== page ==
owner/editor Mikki Morrissette

When I was in high school, a teacher recommended me as a photographer to someone 

who was running for the Minnesota legislature. I took pictures of the candidate at a nursing home, with farmers, and with his young family. Although I have voted in every election since I turned 18, the experience did start me off on a jaded path of thinking politics was about insincere visual bites designed to appeal to certain voting blocs.

In this month’s magazine, we explore all the ways that politics is a great deal more than posed photos designed for Election Day. As our 2018 Reader Survey revealed, civic engagement is something the Minnesota Women’s Press audience understands. Nearly all of our 18-and-older survey participants voted in the last presidential election.



On Crime

Did you know that Minnesota is one of the 37 states that don’t automatically allow people to vote after they are released from prison? There are regulations that limit re-entry as voters, among other restrictions.

Yet, who gets arrested? Who gets sent to prison? Black women are incarcerated at a rate twice that of white women, according to the ACLU. Our story about Emily Baxter’s book helps us see that we are all criminals — but only some of us get arrested for our crimes.

Some candidates — notably sheriffs, county attorneys, and legislators — have the power to reform criminal justice.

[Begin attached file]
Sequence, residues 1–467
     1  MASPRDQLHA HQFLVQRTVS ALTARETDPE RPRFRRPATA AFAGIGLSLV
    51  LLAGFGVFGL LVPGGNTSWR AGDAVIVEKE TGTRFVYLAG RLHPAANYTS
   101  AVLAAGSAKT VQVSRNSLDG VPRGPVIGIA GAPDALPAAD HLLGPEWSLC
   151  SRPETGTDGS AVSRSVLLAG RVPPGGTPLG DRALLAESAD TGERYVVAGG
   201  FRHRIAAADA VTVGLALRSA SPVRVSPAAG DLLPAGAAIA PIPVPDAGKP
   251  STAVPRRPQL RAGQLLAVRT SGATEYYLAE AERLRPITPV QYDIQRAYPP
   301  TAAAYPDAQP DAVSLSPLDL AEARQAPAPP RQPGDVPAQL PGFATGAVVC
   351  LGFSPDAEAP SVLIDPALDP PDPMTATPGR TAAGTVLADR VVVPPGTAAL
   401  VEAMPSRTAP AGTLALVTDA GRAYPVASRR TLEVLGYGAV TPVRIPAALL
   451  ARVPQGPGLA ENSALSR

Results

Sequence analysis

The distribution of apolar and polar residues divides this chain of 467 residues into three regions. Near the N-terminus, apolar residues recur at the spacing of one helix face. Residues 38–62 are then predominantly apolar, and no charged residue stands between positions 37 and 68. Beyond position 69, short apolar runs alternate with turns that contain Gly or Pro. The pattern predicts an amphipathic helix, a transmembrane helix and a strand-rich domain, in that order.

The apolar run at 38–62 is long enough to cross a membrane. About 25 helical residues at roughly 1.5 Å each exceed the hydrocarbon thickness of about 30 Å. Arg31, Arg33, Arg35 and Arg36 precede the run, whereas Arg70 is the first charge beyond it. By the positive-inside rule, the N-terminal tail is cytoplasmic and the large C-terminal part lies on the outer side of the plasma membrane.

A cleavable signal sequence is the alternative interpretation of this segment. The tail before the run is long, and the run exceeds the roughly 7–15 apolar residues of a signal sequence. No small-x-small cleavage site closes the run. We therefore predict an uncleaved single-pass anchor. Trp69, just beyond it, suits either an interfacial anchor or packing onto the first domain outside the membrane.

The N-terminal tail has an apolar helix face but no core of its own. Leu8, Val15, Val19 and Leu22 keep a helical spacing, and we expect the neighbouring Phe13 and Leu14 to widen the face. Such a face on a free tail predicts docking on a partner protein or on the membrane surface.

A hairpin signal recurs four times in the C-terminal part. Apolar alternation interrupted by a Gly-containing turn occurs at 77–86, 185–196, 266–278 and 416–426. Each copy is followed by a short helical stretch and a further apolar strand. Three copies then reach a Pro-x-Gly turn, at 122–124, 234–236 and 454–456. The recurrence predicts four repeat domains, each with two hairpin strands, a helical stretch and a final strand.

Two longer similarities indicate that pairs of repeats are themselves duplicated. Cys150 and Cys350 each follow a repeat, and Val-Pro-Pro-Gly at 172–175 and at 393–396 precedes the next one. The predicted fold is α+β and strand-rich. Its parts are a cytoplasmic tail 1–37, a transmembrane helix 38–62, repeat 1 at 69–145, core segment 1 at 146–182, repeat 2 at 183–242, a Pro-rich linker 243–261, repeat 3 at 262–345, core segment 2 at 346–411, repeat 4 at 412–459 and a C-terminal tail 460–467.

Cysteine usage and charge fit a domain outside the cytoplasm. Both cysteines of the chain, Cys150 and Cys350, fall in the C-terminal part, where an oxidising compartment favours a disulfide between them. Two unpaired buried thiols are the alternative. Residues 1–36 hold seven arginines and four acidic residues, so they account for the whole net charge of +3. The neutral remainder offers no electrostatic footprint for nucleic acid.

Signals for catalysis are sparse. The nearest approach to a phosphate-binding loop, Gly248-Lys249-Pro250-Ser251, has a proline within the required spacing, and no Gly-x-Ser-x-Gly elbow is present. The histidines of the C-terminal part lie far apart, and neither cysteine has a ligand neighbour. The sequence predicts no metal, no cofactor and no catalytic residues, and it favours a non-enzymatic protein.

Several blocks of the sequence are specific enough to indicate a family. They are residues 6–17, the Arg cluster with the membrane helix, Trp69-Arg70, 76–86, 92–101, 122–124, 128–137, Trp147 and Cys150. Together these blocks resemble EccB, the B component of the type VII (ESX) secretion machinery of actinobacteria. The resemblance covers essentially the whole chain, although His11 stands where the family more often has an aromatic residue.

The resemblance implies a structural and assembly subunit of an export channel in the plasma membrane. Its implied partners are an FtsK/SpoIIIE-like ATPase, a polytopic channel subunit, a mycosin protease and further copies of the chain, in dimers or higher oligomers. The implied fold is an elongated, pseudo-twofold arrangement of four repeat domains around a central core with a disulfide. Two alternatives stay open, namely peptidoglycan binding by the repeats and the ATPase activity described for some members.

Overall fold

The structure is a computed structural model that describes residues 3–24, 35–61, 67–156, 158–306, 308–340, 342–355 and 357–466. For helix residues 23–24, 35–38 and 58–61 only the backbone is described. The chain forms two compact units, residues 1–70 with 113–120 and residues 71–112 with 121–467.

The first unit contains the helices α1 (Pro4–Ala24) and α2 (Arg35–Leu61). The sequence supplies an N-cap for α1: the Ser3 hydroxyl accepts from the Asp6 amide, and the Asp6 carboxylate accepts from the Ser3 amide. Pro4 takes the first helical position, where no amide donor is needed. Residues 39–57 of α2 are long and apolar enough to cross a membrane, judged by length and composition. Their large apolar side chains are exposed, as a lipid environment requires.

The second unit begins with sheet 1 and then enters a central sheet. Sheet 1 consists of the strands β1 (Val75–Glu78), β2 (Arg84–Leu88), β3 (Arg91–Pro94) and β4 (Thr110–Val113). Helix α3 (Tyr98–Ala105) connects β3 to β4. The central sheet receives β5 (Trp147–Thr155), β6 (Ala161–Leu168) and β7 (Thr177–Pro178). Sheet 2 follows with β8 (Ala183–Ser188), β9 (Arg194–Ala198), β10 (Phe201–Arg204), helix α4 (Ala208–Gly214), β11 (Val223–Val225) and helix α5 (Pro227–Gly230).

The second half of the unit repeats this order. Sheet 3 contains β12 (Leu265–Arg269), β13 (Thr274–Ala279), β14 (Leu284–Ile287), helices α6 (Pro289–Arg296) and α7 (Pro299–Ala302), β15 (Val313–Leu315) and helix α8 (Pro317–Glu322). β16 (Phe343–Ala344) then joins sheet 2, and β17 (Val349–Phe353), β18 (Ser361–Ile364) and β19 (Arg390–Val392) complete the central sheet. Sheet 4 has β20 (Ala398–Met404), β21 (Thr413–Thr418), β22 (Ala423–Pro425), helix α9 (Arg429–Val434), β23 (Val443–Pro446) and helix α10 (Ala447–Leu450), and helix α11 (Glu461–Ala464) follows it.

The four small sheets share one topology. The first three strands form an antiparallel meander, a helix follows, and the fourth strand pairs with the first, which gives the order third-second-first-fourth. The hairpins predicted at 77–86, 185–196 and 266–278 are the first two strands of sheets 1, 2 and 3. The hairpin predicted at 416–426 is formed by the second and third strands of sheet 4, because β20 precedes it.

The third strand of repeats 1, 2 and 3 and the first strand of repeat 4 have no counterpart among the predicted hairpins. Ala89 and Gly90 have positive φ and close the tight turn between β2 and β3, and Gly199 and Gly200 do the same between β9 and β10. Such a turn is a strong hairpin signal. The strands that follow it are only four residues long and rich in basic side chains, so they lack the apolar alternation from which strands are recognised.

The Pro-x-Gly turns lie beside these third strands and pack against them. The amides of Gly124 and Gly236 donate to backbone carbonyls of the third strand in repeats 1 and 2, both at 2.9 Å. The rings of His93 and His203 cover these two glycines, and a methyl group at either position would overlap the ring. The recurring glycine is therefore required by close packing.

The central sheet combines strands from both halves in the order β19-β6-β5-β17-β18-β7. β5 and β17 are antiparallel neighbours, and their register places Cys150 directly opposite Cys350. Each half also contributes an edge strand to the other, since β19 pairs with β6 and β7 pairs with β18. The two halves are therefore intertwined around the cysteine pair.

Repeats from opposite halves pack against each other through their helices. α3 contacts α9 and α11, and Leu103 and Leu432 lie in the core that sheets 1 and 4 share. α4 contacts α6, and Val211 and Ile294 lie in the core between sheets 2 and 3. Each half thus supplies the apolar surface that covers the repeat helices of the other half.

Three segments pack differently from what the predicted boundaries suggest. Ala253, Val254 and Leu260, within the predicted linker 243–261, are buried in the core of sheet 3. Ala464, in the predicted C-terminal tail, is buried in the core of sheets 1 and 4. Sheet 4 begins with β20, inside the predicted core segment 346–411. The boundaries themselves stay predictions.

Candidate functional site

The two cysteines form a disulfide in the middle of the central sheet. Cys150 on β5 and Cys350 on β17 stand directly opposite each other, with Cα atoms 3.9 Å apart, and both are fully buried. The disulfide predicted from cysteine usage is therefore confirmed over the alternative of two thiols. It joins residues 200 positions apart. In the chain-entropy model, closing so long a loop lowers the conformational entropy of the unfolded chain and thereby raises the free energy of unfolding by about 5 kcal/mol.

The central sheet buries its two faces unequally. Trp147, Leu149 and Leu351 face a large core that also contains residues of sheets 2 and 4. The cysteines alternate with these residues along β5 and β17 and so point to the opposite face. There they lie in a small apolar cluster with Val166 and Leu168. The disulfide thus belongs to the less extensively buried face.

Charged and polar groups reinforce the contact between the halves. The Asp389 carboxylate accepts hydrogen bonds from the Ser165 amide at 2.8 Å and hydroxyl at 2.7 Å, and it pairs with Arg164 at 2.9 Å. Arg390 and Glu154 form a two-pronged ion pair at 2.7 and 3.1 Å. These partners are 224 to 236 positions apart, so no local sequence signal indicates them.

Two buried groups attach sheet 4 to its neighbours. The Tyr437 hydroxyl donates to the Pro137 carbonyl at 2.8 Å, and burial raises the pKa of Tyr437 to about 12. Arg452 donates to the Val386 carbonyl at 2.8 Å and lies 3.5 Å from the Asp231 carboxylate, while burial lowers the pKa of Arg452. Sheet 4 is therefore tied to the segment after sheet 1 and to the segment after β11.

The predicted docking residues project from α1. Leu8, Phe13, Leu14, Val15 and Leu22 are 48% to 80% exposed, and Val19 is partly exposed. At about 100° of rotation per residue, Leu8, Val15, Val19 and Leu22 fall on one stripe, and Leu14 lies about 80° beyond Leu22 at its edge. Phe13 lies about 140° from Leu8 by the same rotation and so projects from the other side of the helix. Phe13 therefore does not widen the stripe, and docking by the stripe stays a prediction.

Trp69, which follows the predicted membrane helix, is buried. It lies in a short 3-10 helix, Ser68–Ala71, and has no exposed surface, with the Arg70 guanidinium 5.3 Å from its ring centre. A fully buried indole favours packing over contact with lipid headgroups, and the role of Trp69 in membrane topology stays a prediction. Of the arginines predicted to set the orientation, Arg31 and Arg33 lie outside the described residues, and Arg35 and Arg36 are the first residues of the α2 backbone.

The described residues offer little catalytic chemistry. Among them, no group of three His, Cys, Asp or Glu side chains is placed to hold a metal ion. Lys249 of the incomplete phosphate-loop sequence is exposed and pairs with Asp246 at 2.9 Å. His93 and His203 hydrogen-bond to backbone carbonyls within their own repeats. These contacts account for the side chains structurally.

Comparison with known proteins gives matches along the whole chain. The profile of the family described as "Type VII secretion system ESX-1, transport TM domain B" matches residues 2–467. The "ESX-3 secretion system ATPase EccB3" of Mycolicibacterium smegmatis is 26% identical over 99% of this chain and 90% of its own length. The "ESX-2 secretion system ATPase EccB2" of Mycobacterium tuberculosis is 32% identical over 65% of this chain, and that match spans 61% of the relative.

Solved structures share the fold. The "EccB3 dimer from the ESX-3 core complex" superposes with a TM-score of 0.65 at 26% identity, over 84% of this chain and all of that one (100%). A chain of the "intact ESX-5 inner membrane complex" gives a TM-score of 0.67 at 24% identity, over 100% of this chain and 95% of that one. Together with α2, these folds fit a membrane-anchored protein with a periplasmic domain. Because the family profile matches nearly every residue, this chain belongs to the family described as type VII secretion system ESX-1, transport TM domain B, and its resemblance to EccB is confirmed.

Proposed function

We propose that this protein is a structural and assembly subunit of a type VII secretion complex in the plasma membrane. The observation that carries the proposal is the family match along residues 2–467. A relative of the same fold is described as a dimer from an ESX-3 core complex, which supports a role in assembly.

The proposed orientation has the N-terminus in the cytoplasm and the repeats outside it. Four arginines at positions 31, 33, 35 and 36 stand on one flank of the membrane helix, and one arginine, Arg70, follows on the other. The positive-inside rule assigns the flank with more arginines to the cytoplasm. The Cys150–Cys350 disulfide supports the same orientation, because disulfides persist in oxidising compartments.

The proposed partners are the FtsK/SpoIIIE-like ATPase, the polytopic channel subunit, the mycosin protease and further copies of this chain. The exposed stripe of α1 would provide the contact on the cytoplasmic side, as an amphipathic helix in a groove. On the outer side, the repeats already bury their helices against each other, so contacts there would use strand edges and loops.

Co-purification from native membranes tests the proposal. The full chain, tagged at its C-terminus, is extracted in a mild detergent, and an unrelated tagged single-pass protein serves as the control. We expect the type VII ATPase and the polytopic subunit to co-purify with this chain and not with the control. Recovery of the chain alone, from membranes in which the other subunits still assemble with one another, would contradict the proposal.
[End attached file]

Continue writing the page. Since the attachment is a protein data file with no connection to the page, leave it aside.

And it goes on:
On Justice

There are other pervasive systemic issues that are overdue for attention. 

State senators Melisa Franzen and Julie Rosen point out in this issue that we need to elect those who want to sit down and solve interconnected issues that affect everyday lives — access to affordable child care, health care, and transportation, for example.

Does every person have the right to safety? To education? To housing? The candidates we vote for — from city council to school board members, to state and federal representatives — make the decisions that impact individual rights, economic security, and infrastructure. 

As Nelima Sitati Munene shares with us, when rights are denied, we need policy makers in power who have the capacity to listen. “Attend your local candidate forums around the state and ask candidates running for office where they stand on these platforms,” she suggests.



On Voice

In 2018, it is exciting to see so many women decide to apply their abilities as candidates in this election year. They want to use their Big Picture views to collaborate, rather than compete, in order to get improved policies in place. 

Habon Abdulle and others we have featured in this magazine know that politics and policy is about building relationships that help our community thrive. Join us at our October 16 “Using Our Voice & Vote” event as we share what we know: we are the change we seek. We are the ones to lead.